You’ve probably heard a lot of buzzwords going around lately that may be slightly confusing blockchain, bitcoin, cryptocurrency, open ledger. These advancements in technology are revolutionizing industries and disrupting financial networks.
The short of it is that blockchain is a visible, real-time ledger for any type of record that is open to anyone in the chain. No one is in charge of the chain and every block (detail of the record) is available to those with access. Through a private key, owners gain access to blocks and can edit them—and only owners. No one else can edit your block. When a change is made, everyone’s blockchain (those within the chain) syncs automatically.
There is much more technical lingo, but this blog won’t be addressing that. If you’re in the business world, though, you need to keep your eye on blockchain news and gain some insights into what it’s all about. To that end, here are five facts everyone should know about blockchain.
1. Where It Came From & How Private It Is
The cryptocurrency Bitcoin was the first blockchain creation. After Bitcoin, people began acknowledging the underlying technological power that the blockchain possessed. So, it was separated from Bitcoin and used for many other types of inter-organizational collaboration.
Leading up to the end of 2017, more than 300 million transactions have been processed through blockchains. This equated to around US$270 billion. Even though these numbers are huge, only 0.5% of the global population uses blockchain.
Just like the internet and the intranet, blockchain can be made public or private.
2. Blockchain adoption could revolutionize the global shipping industry
Global shipping is a complicated process rife with red tape and massive amounts of paperwork. The blockchain is an opportunity for the shipping industry to cut through the methods that slow the process by making it easy for global partners to collaborate in real-time. The shipping industry, and many more like it, could see reduced costs and a better administration using blockchain.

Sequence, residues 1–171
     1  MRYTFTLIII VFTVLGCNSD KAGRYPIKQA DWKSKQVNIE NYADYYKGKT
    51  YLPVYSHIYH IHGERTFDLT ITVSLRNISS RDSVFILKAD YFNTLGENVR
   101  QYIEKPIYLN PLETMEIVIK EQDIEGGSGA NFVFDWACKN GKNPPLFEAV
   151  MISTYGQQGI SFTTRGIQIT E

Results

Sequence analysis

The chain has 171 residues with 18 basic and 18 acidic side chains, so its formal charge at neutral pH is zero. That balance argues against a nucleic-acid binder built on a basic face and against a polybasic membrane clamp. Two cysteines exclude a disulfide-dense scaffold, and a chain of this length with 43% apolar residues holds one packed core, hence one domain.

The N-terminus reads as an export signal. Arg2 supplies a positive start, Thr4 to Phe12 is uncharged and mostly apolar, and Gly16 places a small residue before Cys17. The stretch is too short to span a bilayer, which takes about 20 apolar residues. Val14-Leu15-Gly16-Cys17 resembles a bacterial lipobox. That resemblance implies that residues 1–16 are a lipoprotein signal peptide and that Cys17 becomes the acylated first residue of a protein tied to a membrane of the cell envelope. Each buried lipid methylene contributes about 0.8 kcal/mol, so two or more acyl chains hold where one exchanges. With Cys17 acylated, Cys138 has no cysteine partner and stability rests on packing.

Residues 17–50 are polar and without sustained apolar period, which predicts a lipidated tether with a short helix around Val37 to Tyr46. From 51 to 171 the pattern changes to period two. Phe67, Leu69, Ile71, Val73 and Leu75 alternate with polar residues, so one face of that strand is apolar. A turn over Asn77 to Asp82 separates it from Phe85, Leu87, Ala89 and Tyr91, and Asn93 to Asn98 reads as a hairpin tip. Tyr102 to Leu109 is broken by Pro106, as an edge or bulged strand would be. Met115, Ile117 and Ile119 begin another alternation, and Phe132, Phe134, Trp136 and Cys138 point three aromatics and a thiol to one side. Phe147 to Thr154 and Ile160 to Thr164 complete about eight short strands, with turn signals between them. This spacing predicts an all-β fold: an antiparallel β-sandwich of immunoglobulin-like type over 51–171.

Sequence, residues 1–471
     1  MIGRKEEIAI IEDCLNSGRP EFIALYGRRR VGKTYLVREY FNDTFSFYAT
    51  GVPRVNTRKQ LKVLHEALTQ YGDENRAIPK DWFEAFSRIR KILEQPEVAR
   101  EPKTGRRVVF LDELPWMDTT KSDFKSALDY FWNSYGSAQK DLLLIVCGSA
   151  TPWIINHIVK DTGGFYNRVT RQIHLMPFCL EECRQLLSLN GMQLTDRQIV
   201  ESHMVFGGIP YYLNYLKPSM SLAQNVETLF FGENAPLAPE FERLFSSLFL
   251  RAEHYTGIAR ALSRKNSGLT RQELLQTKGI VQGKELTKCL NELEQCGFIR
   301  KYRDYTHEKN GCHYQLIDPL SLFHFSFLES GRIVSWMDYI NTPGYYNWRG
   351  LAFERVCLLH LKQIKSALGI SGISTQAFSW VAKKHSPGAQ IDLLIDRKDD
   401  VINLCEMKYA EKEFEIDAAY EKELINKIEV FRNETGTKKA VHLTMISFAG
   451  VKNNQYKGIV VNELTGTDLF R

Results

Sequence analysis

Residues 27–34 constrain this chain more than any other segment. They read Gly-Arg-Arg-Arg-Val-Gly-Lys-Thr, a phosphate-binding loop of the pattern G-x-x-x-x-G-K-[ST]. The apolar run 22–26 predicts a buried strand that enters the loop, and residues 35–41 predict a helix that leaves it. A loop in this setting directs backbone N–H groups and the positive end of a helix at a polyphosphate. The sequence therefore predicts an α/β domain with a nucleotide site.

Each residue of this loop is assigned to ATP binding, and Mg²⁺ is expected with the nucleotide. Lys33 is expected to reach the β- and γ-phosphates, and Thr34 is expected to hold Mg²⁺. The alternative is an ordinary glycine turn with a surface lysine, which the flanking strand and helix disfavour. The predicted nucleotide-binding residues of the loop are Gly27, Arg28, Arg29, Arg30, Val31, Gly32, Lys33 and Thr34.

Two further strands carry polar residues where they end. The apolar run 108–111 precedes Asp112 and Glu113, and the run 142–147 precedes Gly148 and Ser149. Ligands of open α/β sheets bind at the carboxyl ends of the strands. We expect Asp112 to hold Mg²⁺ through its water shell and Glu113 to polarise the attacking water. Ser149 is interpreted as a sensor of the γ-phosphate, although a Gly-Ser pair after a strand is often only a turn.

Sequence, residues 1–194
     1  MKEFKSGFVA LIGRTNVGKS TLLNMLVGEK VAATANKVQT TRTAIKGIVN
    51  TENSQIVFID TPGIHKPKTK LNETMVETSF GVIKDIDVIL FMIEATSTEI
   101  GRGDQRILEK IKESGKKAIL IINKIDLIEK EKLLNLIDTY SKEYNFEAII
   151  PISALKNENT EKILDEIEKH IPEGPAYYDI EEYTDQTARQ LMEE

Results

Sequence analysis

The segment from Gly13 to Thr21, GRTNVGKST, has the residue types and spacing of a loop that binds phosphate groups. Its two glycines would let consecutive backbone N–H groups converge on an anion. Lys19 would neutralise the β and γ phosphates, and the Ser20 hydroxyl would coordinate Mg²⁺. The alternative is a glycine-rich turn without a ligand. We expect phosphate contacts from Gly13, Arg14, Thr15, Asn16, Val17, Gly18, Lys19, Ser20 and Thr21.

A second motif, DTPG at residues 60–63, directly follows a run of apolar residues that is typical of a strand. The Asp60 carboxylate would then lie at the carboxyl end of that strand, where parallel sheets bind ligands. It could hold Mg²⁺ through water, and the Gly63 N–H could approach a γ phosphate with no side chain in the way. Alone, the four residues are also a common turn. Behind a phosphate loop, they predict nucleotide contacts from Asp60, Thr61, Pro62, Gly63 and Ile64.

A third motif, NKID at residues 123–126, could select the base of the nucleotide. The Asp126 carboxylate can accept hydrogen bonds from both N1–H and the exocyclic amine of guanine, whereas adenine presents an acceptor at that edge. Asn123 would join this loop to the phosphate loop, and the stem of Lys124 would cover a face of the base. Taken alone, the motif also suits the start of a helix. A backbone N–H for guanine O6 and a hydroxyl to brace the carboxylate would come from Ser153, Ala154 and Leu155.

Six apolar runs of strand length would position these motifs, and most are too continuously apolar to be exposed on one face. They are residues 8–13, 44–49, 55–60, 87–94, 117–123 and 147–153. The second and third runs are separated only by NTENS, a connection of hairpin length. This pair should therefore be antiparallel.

3. Major players and investments in the blockchain
Since 2012, more than US$1 billion have been invested into blockchain companies by venture capitalists. Tech giants have also taken note of the power of blockchains. IBM and Microsoft are investing significantly into developing the technology for their own projects with IBM spending US$200 million into their blockchain projects.
4. It allows for immutable saved data
Blocks are chained together in a sequence that is looked over and approved by block owners in the network. There is no owner or organizational leader of a blockchain, and no one person or group can change or remove transactions. When the blocks are chained together, the data can not be changed. It will appear exactly as it was written.
5. The blockchain is valuable for more than just finance
The most popular use for blockchains remains cryptocurrency, but there are many more use cases that can revolutionize industries. For example, blockchains are currently being used to create digital IDs. This Microsoft initiative is meant to help those who do not have access to state- or government-issued identification. The digital ID could be used for travel, banking, and health insurance. Other use cases include:
- Better management of wireless spectrums in the U.S
- Transparency to corporate behaviors
- Real estate title storage, verification, notarization, and transfer
There is still much up in the air with all crypto currencies. Governments are trying to figure out how to regulate them and ensure their legality within the scope of the law. Investments in this technology are at a high, but so is the risk. Only time will tell whether the technology can get the traction it needs to realize its potential, but in the meantime, make sure you’re current on blockchain news. For more information, read Harvard Business Review’s A Brief History.
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